The relationship of plasma FFA, plasma PGE1 and platelet serotonin changes were investigated in migrainous patients and in patients subjected to stressful procedures.

Plasma FFA levels rose and platelet serotonin content fell during the migrainous episode in the majority of patients. These changes were statistically significant. Plasma FFA levels and platelet serotonin changed reciprocally in 60% of cases. No statistically significant change in plasma FFA levels were observed in patients subjected to stressful procedures or during cluster headache.

Plasma levels of PGE1 showed no significant change during migraine. No difference in PGE1 between venous and arterial plasma was found in normal subjects and in patients with various neurologic diseases. Plasma levels of natural PGE1 do not accurately reflect the rate of PGE1 synthesis in the body and this may account for these negative results.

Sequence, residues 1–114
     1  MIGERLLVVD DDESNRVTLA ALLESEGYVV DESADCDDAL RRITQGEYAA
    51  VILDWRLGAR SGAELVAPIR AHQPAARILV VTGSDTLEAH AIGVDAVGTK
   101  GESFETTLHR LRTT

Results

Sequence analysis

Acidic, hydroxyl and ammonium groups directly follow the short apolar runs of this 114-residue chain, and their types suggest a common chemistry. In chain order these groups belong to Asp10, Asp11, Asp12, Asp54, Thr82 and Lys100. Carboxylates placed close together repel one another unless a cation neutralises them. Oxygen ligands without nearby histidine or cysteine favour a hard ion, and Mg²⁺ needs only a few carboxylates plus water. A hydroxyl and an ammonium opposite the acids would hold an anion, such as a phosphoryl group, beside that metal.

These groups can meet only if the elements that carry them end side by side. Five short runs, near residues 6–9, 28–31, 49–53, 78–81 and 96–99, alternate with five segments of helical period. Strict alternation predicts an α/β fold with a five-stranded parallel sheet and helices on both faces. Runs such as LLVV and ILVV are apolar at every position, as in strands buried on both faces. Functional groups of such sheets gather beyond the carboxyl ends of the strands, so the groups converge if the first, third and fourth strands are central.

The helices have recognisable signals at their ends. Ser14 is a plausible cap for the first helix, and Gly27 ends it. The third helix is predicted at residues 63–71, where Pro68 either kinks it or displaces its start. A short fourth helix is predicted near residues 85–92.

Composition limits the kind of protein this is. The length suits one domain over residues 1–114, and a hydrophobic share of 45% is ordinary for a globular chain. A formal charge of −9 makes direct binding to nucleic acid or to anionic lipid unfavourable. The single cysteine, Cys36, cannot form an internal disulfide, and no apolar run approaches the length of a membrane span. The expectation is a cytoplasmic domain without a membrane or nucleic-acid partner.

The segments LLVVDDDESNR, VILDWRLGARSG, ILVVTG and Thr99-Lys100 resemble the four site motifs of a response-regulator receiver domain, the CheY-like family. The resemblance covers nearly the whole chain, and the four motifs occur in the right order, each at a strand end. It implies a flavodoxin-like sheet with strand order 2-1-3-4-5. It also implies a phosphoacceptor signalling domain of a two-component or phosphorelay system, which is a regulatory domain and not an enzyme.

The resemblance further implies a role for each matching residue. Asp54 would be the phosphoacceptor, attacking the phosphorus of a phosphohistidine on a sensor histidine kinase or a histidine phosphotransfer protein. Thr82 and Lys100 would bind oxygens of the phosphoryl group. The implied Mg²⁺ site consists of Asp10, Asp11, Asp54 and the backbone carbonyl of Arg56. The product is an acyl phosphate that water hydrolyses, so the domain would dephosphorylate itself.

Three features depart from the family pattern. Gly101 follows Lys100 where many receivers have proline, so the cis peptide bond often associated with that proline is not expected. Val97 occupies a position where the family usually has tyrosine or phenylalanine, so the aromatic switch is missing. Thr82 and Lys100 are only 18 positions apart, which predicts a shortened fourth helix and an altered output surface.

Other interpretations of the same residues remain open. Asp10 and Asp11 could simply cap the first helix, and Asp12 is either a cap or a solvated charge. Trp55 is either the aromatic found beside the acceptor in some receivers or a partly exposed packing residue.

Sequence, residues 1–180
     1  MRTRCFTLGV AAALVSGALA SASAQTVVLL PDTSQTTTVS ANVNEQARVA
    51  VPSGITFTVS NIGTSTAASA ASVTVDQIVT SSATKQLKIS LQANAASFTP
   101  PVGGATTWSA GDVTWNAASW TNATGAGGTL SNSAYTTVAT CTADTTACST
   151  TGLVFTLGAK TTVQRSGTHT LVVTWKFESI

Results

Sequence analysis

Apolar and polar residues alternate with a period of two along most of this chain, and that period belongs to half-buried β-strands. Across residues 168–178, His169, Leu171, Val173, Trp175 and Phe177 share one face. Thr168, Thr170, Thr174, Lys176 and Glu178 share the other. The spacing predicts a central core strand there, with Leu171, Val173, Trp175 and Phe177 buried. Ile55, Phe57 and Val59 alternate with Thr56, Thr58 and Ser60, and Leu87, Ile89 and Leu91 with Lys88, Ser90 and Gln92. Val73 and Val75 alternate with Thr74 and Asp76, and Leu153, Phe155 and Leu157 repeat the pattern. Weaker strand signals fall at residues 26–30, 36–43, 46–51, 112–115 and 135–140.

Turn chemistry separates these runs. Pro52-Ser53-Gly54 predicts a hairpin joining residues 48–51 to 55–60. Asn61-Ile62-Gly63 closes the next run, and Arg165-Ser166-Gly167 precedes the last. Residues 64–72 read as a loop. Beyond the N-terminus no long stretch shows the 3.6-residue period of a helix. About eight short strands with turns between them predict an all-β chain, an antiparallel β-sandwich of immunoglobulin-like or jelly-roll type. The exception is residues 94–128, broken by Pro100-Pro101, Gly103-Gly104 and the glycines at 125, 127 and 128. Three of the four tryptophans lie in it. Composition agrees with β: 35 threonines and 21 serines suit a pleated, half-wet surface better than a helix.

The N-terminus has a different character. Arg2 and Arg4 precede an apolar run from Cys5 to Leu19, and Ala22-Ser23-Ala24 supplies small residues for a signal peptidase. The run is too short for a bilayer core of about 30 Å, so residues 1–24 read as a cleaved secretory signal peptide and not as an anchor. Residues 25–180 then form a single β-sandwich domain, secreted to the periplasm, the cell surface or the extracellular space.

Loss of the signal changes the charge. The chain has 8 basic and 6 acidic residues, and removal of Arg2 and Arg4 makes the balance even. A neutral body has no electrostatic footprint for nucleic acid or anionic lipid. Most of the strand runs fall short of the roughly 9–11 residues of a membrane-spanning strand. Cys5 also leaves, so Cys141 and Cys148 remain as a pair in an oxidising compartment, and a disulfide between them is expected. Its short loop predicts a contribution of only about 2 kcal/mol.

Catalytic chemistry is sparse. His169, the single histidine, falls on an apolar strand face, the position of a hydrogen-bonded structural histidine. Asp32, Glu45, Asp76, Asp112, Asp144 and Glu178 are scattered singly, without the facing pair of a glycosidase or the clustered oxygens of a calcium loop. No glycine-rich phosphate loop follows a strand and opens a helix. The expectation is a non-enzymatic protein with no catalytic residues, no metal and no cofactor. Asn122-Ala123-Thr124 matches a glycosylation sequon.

The migraine attack is accompanied by a rise in plasma FFA. However, this rise is not necessarily the cause for serotonin release which occurs during migraine. Both the amine and PGE1 could release FFA from body stores. Identification of the individual FFA released would be necessary to resolve the problem. The role of PGE1 in migraine, might be assessed by estimation of its more stable 15-keto-dihydro metabolite which reflects more accurately its rate of synthesis. This could demonstrate whether PGE 1 plays a part in the biochemical process of headache.